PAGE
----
Monday, July 22, 2013

Day 20 -July 22 - The Dakota winds were benign and helped me across the Missouri

Day 19 - July 21 -  Lemmon, SD  to Mobridge, SD- 100.1miles (161.1 kms) - total so far 1523.4 miles  (2450.7 kms)

Distance: 100.1 miles (161.1 kms)
Total time: 9hrs07mins (including  lunch, a long chat with a curious boy, and dinner) 
Average Moving Speed: 14.0mph (22.5 kph)
Maximum Speed: 34 mph (54.7 kph) 
Calories burned: 4704
Elevation gained: 2283 ft (695.9 meters)
Weather:  Sunny and cool in Lemmon in the morning with temperatures about 60 degF (15C). Sunny and relatively cool all day with temperature at 77F (24C) when I arrived in Mobridge.  Wind mostly from the North and so it was a crosswind all day with a  bit of a tail wind for the last 30miles as the route turned more to the south.  

Powered by:  Breakfast - 1  banana, 1 muffin,1 Danish roll,  1 large bowl of Raisin Bran, yogurt and a lot of orange juice; Modest lunch of a liter of chocolate milk, many Fig Newtons (Fig Rolls) and 2 bananas; 1 Protein bar; 2 liters of water and 2 liters of Gatorade, and my old temptation, a Mississippi Mud Pie.

After the cool front passed through overnight, the winds switched to the North and remained quite noticeable.  Luckily for me, my planned route headed east for about 50 miles and then turned southeast to cross the Missouri river at Mobridge.  Unluckily for me, about the time I turned southeast, the wind died down.  It was a cross-wind therefore for much of the day but was not too bothersome except for the constant howling in my ears.  The landscape did not change much over 80 miles but when I approached the Missouri river, its bluffs came into view - a sharp drop down to the  Grand river (a tributary) was, of course, followed by a long climb on the other side.  

Lots of old 1950s cars in this junkyard - some rehab possibilities here

When gold was discovered in the Black Hills in the 1870s,  a stage road was built to Bismarck  from Deadwood and here is a post marking the route

The road had little traffic and  I retract what I wrote yesterday about the shoulders (margins) in South Dakota. For most of the 100 miles,it was wide enough and relatively clear of debris.  Highlights of the day were the to-and-fro pattern across the road of a crop duster spread foul-smelling chemicals, many herds of cattle who found me amusing, and non-galloping horses.  After staring at me for a bit, cattle like to gallop along the fence line as I ride on - and then get bored. When one of the herd gets the idea to bolt, most of the other cattle join it for about 100 meters and then they seem to think collectively "why are we doing this?" and stop.  They then go back to chewing the cud and contemplate their inevitable trip to Burger King or Mickey D's. (Or whatever it is that cattle think).  I thought that horses would be more likely to gallop but they seem to consider that beyond a day's work.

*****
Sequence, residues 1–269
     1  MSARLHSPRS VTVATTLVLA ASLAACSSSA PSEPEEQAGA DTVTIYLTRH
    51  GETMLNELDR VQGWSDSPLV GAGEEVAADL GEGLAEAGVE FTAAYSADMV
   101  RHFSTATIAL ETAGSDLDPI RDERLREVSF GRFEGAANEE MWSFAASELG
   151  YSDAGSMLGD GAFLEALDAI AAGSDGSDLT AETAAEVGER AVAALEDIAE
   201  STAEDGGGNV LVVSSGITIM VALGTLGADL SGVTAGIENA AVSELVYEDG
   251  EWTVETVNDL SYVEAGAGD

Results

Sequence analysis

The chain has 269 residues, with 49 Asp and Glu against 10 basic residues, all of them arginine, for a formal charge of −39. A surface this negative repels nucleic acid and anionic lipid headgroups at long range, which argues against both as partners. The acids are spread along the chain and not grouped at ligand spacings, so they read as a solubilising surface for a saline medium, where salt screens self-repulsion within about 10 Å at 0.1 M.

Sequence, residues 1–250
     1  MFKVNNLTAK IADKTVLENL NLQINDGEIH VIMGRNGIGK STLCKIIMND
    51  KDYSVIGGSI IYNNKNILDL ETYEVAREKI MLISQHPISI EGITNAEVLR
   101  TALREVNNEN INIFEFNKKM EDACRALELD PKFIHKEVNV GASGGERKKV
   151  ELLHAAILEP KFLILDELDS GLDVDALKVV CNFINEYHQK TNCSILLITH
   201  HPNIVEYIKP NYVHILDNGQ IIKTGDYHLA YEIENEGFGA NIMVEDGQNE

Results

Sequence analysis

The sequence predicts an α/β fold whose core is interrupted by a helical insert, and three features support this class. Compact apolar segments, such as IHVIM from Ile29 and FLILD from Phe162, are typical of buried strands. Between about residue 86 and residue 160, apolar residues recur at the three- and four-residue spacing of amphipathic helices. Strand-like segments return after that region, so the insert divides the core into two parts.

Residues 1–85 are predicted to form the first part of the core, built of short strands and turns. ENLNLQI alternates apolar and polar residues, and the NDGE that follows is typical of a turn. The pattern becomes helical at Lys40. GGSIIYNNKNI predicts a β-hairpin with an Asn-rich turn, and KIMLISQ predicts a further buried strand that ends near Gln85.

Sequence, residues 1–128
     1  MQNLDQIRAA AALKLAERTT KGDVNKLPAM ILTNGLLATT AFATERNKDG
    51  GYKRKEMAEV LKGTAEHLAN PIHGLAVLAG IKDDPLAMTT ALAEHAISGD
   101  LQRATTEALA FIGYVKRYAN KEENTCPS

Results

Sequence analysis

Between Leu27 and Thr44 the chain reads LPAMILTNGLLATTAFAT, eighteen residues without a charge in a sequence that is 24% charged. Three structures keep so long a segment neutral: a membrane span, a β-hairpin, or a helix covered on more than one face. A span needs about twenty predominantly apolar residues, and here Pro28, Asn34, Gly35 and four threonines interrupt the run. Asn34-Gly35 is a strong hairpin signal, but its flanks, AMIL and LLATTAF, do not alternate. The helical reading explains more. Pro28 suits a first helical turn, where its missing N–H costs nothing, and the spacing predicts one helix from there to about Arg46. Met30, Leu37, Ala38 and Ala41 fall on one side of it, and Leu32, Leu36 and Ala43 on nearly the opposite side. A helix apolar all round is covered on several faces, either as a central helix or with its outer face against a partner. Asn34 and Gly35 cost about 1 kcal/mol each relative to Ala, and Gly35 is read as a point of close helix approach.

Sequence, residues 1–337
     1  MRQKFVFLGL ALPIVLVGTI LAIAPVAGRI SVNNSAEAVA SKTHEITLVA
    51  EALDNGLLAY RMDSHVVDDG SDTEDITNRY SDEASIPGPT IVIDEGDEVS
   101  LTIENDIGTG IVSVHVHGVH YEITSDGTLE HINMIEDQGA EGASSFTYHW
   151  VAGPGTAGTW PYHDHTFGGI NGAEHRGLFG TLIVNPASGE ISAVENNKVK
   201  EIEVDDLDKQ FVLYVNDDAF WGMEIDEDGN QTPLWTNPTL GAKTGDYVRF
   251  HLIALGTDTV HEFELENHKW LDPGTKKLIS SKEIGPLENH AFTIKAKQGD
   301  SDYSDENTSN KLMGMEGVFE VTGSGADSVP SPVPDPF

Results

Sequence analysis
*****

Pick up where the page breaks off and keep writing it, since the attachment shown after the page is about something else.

This crop duster plane was no more than 100 feet (30meters) over the road

The chemicals smelled foul and the strong North wind blew them across the road

Another 4% grade conquered - many of them today.  The route was hillier than I expected.

It's a long boring day for them when my passing provides the highlight

McIntosh, SD at midday

Another set of beasts who found my pedaling to be of interest

What the Dakota winds will do to an unoccupied house

It took a long time for this coal train to pass which provoked the high school algebra question: "If a bicycle is traveling at 15mph and a train that is half-a-mile long is traveling at 30mph, how long will it take between the front and the end of the train to pass the bicycle"?

McLaughlin, SD - vegetarians unlikely to be welcomed

I stopped in a couple of towns on the Standing Rock Indian Reservation.  They show evident signs of    lack of upkeep of both buildings and infrastructure (roads).  Many of the cars seemed barely road-worthy.  At a mini-mart in McLaughlin, a young boy rode up on a decrepit bike and was fascinated by mine.  He asked a lot of questions about the derailleur and how it worked, the GPS and what/how it recorded, and even the drop-down bars.  He seemed puzzled by my trip asking if I had come from Little Eagle, a nearby town.  When told that I pedaled all day everyday, he asked the obvious question: "where do you go to the bathroom?".   He did not ask the other obvious question - why are you doing this trip?

I thought that I was finished with Lewis and Clark - but here they are again on a plaque memorializing Sacagawea (their interpreter)

Crossing the Missouri again after about 10 days since near Helena, MT

Bridge about a mile long across the Missouri - hardly any traffic

I just lost an hour's sleep

The last 20 miles were quite up and down and even included a hill with a grade over 7%.  Finally, I crossed the long bridge over the Missouri river that is part of a very long narrow lake Oahe from a dam further south.  Only two cars passed me on the mile-long span and I rode a bit around Mobridge to push the odometer for the day over 100 miles. If the winds are kind, it will be another 100 miles tomorrow to Aberdeen.

1 comment:

  1. I calculate 2 minutes for the train to pass.